The latest black example: Kelley Williams-Bolar
I grew up in Chicago with a mom that was overzealous about education. By the time I was twelve, I’d gone to seven different schools. I went to one school for Kindergarten, two schools for first grade, I was home-schooled halfway through second grade and then started at a new school where I stayed for three years before I transferred to another school for sixth grade because they had ABC (A Better Chance Program) that helped inner-city kids into boarding schools. Then I transferred to a gifted program for 7th and 8th grade while completing my applications for boarding school only to get in and not have enough money, so I stayed at Morgan Park High School. So, the case of Kelley Williams-Bolar, the mom jailed for falsifying records to get her daughters into a better school hits close to home for me. In fact, I wished my mom had done the same thing. Thus while Williams-Bolar is being used as an example of the various ways individuals can commit fraud, she is also quickly becoming a martyr for inner-city parents seeking immediate solutions to sub-par educational institutions. Bravo.
In Williams-Bolar’s case, she used the address of her ex-husband (the father of her children) to gain access to a more prestigious school and was therefore charged with defrauding the school of more than $30,000 in funds. So what! I’m not at all sympathetic to the state in this situation even though rules are rules. It seems to me, if Rahm can hold down residence in Chicago while he works a job in Washington (which I think is fair, by the way), then this woman can use her kid’s father’s home to establish residency for her children, even if they don’t really live there. Doesn’t he pay taxes and vote in that school’s district?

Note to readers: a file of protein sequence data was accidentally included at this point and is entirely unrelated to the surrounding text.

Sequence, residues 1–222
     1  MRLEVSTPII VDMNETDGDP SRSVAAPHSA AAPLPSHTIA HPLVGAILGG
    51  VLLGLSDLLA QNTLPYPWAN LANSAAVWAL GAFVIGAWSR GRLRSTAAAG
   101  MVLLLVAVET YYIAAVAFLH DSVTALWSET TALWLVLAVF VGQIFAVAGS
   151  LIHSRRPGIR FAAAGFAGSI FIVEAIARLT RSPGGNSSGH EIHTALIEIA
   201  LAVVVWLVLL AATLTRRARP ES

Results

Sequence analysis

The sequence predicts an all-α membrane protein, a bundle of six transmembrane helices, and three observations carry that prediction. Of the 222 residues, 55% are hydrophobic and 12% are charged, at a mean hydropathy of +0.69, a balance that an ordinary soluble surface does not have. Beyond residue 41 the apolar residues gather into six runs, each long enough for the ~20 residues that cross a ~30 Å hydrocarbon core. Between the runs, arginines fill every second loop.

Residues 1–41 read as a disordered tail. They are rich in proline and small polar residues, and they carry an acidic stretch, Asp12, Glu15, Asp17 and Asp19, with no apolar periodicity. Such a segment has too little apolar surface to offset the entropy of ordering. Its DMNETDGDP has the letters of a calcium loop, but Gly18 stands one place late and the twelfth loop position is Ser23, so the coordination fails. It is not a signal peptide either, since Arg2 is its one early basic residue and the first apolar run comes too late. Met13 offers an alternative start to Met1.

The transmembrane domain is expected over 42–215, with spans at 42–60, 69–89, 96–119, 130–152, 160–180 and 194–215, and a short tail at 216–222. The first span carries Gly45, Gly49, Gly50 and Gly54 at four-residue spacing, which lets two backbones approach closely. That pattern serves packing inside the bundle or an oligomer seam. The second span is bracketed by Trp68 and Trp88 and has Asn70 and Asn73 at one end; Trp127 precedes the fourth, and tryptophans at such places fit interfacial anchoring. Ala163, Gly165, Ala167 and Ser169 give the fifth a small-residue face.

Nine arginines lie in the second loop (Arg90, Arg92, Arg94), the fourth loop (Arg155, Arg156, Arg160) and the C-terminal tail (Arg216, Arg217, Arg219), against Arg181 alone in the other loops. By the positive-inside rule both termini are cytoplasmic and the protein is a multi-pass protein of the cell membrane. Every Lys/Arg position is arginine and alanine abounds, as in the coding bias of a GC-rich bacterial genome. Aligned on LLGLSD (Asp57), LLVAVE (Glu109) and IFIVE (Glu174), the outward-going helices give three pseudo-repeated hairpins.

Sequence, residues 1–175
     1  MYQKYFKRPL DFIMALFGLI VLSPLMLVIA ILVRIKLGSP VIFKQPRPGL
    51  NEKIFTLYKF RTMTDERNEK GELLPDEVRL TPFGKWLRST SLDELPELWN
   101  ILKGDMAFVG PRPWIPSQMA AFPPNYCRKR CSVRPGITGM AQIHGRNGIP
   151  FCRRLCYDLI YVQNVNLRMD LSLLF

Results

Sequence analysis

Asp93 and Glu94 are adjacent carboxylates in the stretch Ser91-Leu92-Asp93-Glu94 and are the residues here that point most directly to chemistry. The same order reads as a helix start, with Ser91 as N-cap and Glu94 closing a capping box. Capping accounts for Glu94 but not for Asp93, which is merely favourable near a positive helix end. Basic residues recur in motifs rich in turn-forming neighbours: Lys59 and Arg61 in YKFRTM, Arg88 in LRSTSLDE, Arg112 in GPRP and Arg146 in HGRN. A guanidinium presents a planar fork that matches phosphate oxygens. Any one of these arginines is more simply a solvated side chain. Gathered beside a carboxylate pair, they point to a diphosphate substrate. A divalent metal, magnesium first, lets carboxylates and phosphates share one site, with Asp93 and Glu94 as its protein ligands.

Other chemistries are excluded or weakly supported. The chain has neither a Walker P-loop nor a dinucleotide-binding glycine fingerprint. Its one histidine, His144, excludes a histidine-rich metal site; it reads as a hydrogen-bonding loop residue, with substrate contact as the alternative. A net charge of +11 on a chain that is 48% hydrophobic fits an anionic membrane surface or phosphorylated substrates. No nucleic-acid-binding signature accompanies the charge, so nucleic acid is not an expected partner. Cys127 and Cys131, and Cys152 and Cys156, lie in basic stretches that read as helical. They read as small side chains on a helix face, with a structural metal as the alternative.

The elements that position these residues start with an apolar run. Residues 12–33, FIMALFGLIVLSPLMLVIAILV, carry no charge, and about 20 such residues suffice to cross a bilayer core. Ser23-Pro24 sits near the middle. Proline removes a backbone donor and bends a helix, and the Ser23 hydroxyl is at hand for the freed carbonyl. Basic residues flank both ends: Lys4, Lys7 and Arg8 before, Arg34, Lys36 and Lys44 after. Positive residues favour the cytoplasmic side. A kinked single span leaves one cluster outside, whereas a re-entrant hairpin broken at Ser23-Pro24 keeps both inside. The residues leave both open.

When Judge Patricia Cosgrove decided to hand down a ten-day jail sentence to make an example of Williams-Bolar, she was doing what a number of prosecutors and judges have done in the media recently–use black people, both rich and poor alike, as examples for all to see. Think Nicholas Cage and then think Wesley Snipes. There was even a story on Bossip.com of a young black woman who was given a jail sentence that required her to report to prison every weekend. Being that she was a hair and makeup stylist, each week she outfitted herself with a new hairdo. It didn’t seem to bother the officials at the prison, as a number of photographs featuring her urban up-dos made it to mainstream media. After word of her popularity got back to the prison, she was ordered to wash her face and take out her weave before taking her next photograph. That’ll teach her. It seems to me she could have very well been making a mockery of the system but what does it mean for those in power to seek retribution?
As in the case with Williams-Bolar, the judge wanted to make an example out of her to deter others from making the same mistake. Is that okay? The arrest and release of Williams-Bolar is sure to bring into focus the pitfalls of poor neighborhoods; bad education, crime, drugs, and every other vice. However, along with the basics of social science analysis will be the clarification of fraud laws and the literalist’s view that no matter how sympathetic we may all be to Williams-Bolar’s case, she still broke the law. What is even more unfortunate, is that the judge, who had an opportunity to use her power to limit the scope of the punishment for Williams-Bolar chose instead to mock and shame her. I am not one to make major claims to reparations, at least not seriously. I crack jokes about blacks getting free cotton items and laugh about how unreasonable a mule would be to an inner city person in these times. But if anything makes me look back more on slavery and think there has to be some kind of payback, it is a case like this. Especially when the white defense seems to be that Williams-Bolar took what other people worked so hard to gain. Go figure.